What’s going on down in the basement?

So, is spring is around the corner?  Here in northern Vermont the temperatures have been rapidly climbing across most of the north country.  Much if not all of the snow is gone.  Let’s not forget that today it is the first of March and spring has not arrived!  This is still a great time to be thinking and working on keeping your home here in Vermont warm and comfortable in winter.

Many older homes have not done anything in the basement as far as insulation is concerned.  Newer homes are required to insulate and increase Energy Efficiency of the basement area.  The following things are important

  • Preparation is critical and needs to be done carefully so that drywall can be installed:
    • Moisture control – The foundation needs to have been properly water proofed on the outside, that would prevent water/moisture from coming into the basement. 
    • When concrete is poured the forms are held together with “Ties” that are typically made out of a low-grade steel and they hold the forms together as the concrete is poured.  Some of the “Ties” if they are not properly waterproofed on the outside will allow water to penetrate the concrete wall and come inside.  If that is the case it is necessary to drive the tie outward creating a small in-dent in the concrete wall
    • Using Hydraulic Cement, the “holes” created by leaking ties are filled and the Hydraulic Cement expands as it dries and seals everything.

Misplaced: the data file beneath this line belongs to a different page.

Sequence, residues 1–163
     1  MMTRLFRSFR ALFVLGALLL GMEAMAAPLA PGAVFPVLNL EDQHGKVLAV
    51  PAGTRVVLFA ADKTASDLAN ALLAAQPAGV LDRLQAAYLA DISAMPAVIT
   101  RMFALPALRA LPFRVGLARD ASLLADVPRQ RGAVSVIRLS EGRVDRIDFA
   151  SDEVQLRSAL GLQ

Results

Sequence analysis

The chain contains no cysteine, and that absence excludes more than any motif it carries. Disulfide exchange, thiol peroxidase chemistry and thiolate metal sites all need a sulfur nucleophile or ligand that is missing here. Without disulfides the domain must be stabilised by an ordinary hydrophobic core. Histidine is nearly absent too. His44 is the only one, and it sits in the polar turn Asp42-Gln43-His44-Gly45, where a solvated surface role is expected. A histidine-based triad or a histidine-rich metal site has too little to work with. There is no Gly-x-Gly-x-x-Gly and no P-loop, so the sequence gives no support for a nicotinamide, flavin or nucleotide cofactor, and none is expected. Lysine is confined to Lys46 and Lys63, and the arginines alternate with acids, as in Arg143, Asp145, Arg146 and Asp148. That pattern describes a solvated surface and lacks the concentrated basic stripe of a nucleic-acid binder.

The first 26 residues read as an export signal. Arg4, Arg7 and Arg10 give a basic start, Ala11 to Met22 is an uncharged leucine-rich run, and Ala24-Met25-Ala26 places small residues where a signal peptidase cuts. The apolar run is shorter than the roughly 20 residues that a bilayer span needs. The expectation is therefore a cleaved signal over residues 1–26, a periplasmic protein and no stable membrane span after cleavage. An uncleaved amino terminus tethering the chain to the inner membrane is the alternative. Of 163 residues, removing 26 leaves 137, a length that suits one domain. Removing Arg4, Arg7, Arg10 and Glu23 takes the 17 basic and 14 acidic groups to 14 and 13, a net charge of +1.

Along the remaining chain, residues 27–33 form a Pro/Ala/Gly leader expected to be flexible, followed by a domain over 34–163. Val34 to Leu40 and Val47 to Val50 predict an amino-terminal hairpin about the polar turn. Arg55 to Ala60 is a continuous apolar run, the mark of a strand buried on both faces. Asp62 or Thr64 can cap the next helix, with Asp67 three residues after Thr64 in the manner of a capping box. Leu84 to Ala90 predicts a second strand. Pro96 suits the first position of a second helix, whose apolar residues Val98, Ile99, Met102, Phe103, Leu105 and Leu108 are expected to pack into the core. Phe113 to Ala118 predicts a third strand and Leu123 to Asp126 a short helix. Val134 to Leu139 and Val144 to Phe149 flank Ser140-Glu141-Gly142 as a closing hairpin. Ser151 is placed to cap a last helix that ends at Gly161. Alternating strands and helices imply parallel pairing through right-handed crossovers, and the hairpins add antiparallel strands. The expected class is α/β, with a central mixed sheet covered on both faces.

• Now we have completed the preparation of the cement wall
  • There are many types of insulation that can be used but today we will limit this conversation to the use of Polystyrene Foam.  The R-Value of Polystyrene Foam is typically R-5 per inch. 
    • Foam panels that are available in virtually every lumber yard usually are a 2’ x 8’ panel that they go together and foam a tight seal.
    • The Foam panels are secured to the concrete wall with an adhesive that is specifically designed for this single application.   Note – be sure to always use the correct adhesive so that you do not harm the foam.
  • How do we attach Drywall / sheetrock to the foam?  An easy but very effective way is to use 1” thick lumber installed horizontally; typically 4 or 5 rows.  There are several ways to “nail” the lumber through the foam and on into the concrete, you can seek advice on the best application for you house from your local lumber yard.
  • Using the horizontal “strapping” it is a good idea to attach another layer of strapping that goes vertically, all installed 16” on-center.  Those Vertical pieces of lumber are what you will attach the sheetrock to using everyday common techniques.

This scenario of rigid foam, strapping, and sheetrock is one of the quickest and easiest ways to insulate your basement whether your home is in Grand Isle or Greensboro.  If you properly insulate your basement your home will be a lot more energy efficient.

Let us know what you have done or what you plan on doing, we’d love to hear from you.  Give us a call at 802.985-5855 or join in the Facebook conversation.

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